Well, Kim and I are missing Thanksgiving and we are pretty upset about it. It's one of my favorite holidays and I know I'm really going to be missing the food! Hopefully I can convince my mom to re-make some of it when I get home next week (hint hint). But it might help to think that we'll be sleeping while everyone in the US is enjoying their food, so maybe I won't miss it as much. Every Saturday the cooks here take a day off, so the students make the lunch. Kim and I talked to the boys who are in charge this week and I think we are going to be helping them make an American meal. If all goes according to plan and isn't too expensive at the market, we'll make pork, green beans, and mashed potatoes. They have all of that stuff here but it isn't widely used. We'll have to see how much it costs to make it in bulk! I'll probably update once more before I leave on Monday to head back to the states. I hope all is going well back home!

Thursday, November 20, 2008

A Quick Update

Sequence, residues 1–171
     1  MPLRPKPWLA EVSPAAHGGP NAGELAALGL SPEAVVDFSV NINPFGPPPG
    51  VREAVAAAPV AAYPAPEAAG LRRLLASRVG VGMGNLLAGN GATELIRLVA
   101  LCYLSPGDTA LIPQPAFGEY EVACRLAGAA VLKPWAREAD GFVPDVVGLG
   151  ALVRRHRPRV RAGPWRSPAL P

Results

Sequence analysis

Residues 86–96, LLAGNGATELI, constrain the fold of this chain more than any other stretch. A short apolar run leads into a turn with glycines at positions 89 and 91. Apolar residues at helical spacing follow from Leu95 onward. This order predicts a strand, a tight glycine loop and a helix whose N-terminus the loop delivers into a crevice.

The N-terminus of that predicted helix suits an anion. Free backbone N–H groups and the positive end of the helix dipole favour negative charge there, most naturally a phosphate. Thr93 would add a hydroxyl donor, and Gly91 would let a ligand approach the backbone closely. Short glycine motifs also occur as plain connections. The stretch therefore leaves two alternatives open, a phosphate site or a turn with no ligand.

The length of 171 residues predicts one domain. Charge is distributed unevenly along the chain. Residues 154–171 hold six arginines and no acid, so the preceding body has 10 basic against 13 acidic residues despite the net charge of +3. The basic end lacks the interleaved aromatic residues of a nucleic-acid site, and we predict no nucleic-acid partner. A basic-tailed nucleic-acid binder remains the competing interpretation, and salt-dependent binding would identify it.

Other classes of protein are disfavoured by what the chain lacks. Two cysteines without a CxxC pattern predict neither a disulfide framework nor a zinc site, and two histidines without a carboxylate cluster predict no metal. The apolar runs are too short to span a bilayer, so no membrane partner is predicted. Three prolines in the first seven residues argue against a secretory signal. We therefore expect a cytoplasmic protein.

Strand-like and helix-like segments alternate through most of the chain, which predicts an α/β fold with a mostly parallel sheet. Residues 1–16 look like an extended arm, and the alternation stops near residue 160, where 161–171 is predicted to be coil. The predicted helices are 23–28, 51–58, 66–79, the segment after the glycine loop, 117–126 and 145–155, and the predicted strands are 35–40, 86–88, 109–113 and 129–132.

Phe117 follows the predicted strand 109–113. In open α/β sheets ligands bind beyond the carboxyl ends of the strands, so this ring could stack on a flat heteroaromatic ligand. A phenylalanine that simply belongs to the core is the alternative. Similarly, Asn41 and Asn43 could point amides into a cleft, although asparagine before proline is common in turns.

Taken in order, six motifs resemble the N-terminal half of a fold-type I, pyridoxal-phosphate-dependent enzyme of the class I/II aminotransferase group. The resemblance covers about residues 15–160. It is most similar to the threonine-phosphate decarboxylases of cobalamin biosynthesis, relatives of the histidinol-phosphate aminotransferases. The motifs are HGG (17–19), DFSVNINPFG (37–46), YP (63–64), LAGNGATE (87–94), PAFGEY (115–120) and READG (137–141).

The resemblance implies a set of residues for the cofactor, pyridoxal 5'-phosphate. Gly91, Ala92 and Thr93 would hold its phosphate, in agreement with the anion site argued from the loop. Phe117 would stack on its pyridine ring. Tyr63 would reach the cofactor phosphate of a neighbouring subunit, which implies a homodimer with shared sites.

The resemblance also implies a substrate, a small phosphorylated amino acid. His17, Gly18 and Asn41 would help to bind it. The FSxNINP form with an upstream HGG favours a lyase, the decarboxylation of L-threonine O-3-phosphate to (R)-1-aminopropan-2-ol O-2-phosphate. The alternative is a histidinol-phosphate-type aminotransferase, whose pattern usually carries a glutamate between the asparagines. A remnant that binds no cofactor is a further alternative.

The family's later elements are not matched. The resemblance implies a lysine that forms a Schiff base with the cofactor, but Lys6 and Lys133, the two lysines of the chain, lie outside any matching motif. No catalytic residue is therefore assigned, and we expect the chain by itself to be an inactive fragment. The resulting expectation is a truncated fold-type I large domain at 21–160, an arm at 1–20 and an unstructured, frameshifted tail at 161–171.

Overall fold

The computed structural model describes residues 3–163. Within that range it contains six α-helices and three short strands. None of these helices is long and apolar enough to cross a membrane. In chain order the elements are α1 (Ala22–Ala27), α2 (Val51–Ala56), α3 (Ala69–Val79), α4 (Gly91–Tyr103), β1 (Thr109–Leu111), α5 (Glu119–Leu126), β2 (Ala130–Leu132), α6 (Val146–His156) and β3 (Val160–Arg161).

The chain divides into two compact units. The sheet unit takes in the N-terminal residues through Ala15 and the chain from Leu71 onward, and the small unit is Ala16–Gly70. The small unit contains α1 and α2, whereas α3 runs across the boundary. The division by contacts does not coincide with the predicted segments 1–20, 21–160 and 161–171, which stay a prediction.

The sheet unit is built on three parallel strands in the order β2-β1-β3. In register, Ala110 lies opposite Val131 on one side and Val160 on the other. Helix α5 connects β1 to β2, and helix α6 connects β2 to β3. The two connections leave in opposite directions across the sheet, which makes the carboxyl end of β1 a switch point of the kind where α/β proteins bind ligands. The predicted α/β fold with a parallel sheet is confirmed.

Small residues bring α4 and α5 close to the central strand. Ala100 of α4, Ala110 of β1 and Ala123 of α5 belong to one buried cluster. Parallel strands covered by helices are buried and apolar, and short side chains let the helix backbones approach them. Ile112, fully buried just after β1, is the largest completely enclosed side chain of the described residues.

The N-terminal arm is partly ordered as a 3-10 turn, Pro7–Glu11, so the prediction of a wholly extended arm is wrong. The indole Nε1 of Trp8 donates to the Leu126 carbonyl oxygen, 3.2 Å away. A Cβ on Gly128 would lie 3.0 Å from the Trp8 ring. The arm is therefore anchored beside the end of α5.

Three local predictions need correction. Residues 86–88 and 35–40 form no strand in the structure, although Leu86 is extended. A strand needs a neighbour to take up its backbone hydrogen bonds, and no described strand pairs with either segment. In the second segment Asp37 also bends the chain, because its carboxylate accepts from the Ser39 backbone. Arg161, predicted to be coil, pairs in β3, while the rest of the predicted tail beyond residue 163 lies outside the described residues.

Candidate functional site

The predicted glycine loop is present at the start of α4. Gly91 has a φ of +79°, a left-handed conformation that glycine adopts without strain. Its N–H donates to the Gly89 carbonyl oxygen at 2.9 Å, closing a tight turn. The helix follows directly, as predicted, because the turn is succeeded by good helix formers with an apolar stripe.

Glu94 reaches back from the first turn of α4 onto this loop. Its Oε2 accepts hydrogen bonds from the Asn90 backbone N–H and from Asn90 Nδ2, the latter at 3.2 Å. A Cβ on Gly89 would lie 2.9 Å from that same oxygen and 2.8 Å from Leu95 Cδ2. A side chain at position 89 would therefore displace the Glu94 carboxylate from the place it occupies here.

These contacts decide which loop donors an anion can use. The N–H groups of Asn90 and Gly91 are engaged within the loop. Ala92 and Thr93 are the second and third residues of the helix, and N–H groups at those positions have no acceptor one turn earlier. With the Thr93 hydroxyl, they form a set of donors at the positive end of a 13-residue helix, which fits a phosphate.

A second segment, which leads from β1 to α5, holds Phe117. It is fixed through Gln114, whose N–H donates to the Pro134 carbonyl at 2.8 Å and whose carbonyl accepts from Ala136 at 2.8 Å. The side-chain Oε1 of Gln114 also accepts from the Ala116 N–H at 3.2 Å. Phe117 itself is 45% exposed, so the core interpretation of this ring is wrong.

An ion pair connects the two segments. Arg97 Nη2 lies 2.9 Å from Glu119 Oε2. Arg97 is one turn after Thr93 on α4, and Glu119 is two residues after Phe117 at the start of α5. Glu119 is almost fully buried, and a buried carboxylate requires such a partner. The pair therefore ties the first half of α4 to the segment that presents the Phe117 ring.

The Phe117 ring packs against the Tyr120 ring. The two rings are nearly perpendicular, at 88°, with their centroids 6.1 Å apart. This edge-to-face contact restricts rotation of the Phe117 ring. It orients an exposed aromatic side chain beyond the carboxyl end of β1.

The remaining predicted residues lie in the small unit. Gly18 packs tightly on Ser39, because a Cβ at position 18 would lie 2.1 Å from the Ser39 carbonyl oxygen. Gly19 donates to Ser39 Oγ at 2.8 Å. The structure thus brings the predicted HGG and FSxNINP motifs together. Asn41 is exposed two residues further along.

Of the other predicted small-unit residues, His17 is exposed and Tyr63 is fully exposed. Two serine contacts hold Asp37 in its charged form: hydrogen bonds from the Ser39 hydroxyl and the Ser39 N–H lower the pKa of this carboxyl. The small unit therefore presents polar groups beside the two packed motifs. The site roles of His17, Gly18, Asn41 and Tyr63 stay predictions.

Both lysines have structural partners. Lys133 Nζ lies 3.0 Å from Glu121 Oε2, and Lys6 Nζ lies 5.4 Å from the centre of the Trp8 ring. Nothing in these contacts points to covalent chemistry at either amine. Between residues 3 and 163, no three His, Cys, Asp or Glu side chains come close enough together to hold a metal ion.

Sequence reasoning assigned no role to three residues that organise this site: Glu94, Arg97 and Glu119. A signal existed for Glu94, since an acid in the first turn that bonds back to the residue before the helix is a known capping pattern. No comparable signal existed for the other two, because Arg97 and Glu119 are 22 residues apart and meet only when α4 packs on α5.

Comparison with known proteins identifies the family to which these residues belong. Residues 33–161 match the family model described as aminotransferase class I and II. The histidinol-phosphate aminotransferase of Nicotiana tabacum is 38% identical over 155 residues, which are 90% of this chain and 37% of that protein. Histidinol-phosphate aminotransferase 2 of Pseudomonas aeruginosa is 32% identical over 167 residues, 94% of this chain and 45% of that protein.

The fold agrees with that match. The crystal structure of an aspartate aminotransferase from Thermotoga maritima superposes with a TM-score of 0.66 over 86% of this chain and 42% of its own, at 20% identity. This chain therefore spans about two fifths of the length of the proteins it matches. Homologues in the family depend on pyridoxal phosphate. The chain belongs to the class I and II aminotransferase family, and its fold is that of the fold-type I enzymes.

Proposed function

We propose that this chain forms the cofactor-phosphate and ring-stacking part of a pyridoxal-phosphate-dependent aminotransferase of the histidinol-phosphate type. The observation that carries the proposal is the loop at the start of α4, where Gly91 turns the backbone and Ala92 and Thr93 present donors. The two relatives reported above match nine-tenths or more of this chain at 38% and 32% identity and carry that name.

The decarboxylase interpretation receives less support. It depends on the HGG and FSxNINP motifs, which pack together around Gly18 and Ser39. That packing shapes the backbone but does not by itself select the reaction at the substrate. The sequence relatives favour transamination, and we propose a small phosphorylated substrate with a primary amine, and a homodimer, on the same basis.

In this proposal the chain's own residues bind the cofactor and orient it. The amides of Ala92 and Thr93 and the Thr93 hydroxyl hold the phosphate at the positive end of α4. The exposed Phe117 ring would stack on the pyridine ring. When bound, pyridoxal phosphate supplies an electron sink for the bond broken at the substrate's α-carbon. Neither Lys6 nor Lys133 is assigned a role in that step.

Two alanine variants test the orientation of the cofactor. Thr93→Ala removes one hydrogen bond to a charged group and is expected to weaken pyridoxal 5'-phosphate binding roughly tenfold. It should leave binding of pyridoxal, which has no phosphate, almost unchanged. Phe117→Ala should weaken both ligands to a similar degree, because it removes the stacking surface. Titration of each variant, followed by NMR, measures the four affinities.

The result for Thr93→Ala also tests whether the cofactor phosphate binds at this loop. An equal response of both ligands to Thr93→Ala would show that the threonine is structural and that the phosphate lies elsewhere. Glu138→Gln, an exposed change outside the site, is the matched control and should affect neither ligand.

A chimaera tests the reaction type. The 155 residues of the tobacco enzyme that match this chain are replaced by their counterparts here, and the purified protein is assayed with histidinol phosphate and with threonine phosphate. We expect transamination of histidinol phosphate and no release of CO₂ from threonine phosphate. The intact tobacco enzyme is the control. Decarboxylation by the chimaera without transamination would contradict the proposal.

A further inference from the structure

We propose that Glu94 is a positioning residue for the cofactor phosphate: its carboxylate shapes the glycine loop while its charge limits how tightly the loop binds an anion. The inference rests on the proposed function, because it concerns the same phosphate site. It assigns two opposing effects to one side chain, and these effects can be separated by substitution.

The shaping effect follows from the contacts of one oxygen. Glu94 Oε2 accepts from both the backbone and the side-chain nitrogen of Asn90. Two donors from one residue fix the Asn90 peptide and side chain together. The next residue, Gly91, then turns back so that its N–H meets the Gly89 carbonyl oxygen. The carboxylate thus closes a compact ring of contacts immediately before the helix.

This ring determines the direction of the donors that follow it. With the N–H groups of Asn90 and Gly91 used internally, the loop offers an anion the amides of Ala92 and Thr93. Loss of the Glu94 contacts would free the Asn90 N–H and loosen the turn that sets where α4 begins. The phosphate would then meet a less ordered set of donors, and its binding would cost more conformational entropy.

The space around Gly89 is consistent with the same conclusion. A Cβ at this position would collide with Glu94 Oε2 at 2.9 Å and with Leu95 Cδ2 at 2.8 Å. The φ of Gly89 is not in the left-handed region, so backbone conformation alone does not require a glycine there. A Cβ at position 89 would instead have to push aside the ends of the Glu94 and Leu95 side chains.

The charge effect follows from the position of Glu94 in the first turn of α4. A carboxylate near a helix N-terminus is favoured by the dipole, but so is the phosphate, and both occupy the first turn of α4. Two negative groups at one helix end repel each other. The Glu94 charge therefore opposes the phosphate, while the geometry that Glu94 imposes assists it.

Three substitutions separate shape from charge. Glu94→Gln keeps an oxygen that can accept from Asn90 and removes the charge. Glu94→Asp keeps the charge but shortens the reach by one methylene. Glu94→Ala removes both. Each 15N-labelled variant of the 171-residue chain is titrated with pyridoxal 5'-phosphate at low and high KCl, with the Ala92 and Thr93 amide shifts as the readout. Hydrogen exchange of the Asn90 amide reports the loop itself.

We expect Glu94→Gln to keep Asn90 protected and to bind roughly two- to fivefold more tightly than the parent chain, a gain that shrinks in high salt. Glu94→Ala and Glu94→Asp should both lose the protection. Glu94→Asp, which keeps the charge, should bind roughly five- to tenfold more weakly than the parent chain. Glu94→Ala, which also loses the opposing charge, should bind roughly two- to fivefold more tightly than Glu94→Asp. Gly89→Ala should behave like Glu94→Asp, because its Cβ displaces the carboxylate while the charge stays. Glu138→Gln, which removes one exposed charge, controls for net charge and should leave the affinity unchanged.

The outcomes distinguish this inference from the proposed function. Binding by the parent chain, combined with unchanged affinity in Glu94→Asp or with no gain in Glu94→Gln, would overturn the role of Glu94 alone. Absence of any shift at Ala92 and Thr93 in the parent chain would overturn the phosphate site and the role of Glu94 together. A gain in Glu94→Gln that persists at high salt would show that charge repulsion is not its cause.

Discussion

Sorry I haven’t updated in a while, I actually tried to post something on Tuesday but the internet was down so I lost everything I had written! There isn’t really anything new and exciting to report, things have settled into a daily routine. On Sunday I visited the family down the street and talked with their daughter, Jinsy, for a few hours. Her mother showed me how to make banana chips and coffee from beans. She also made me two fresh dosas with chutney curry. I didn’t really feel like I could refuse the dosas, so of course I didn’t eat dinner again that night! I’ve come to realize that the life that women lead here is quite difficult and I don’t envy them in the least. Most women don’t work, even if they have been educated, but instead stay home taking care of the children or sending them off to school. Then they work in the yard, picking the vegetables and plants that they will use for dinner that day. Then they literally spend the entire day over a firepit preparing fish, chicken, vegetable curries, dosas, etc. To make a pot of coffee takes an hour of continuous stirring and tending to the fire beneath the pot. Most of the women here also make their own butter and pepper…which takes hours in itself. I don’t think I could ever manage as an Indian woman here, I don’t even know how to cook in America!